Lights make your ride safer, but they can also make your ride more fun. At least the NiteIze SpokeLit Disc-O Select Wheel Light can.
Most riders focus on a front and rear light. The white front light is great for seeing what’s ahead of you, but also for being seen. A white light, either solid, or blinking, helps cars in front of you see you on the road while a red rear light lets pedestrians, drivers, and other cyclists see you from the back. But that leaves a glaring absence, your sides, a direction you certainly want to be seen from, especially riding through city intersections. That’s where the NiteIze SpokeLit’s attention-demanding bright colors help keep you safer.
Unlike other lights that attach to your seatpost or handlebars, The SpokeLit attaches inside your wheel directly on the spokes so that it spins around the hub as you ride. At speed, this creates a spinning ring of light inside your wheel, visible from either side. This serves a double function. Primarily, it does help with safety. The spinning lights are tremendously eye-catching, making drivers notice you, even if they only see you in profile. While not enough to replace a front or rear light, this tertiary light makes you incredibly more visible especially from angles that are currently underserved. And secondarily, it’s fun. It gives a cool look to your bike; it’s easy to switch colors to get your favorite look, or add a bit of whimsy with the changing multi-color setting.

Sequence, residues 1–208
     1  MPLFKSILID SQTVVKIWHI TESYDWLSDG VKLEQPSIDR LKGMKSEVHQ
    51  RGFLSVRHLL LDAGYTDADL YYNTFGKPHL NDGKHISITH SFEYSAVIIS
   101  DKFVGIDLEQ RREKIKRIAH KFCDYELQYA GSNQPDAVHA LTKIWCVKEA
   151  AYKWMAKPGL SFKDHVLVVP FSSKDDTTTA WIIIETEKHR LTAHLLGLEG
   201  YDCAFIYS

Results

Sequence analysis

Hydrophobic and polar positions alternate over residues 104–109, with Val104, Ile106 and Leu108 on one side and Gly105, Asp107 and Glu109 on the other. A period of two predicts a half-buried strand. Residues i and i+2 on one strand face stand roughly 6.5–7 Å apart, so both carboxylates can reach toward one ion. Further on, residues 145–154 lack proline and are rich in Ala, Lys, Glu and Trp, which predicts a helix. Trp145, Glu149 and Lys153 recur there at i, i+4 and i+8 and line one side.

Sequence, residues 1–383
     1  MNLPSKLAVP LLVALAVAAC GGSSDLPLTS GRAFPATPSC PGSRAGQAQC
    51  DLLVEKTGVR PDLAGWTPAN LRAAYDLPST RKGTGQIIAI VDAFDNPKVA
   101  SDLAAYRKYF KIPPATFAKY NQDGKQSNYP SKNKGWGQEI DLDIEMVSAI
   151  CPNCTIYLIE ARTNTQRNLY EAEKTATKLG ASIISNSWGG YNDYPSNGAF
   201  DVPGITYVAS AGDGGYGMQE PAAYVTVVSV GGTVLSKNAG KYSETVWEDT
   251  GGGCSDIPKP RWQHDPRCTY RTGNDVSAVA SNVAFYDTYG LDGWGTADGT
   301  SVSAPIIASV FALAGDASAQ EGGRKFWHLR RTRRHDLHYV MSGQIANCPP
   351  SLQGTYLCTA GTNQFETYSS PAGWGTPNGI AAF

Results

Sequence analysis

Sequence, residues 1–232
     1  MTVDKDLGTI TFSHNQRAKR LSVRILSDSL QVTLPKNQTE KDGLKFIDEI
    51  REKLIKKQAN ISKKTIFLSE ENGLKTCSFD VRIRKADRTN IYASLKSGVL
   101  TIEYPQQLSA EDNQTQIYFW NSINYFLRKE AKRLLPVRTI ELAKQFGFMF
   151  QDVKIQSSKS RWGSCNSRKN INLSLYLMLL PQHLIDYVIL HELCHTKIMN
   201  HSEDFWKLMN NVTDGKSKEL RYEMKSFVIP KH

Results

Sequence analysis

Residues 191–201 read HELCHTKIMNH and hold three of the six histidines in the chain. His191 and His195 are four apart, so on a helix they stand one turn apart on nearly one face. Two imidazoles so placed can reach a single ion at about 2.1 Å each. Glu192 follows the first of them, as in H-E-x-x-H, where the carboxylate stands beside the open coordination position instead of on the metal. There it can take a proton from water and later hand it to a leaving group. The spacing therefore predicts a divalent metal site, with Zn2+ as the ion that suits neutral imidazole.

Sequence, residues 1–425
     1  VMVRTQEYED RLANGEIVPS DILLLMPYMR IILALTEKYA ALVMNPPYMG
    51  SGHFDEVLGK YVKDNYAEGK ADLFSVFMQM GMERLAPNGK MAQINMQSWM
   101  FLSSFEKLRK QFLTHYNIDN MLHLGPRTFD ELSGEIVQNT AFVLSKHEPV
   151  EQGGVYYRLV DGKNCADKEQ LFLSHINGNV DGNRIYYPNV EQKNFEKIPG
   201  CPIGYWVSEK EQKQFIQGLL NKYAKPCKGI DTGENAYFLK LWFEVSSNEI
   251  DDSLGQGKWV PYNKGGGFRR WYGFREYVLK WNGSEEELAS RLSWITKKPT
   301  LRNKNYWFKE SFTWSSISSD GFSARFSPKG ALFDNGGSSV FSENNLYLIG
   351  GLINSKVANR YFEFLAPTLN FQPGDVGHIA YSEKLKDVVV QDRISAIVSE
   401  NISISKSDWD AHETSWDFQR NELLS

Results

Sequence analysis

The light is easy to operate. A single exterior button turns it on and toggles through the colors: red, green, blue, white or multi-color. The light takes about an hour and a half to charge and will run for about six hours. It’s also weather resistant, so while you shouldn’t take the light into the pool, it won’t be bothered by a bit of rain, mud, or slush on the road.
The SpokeLit is about the length of a deck of cards, which allows it to nestle between your spokes for a firm attachment. Rather than squeezing between the spokes vertically, the light spans three spokes horizontally. A center ridge goes in front of a middle spoke, while two fins go out to each side behind the adjacent spokes.
While the light is rechargeable, pulling the plastic cap off to get to the micro usb charging port is a bit of a pain, and one of the few things about the light that we didn’t like. It adds a bit of annoyance to what is otherwise an easy to use product that integrates well into how we ride, and takes care of a weakness in our nighttime visibility. Given the cost, about $20, it’s a real winner.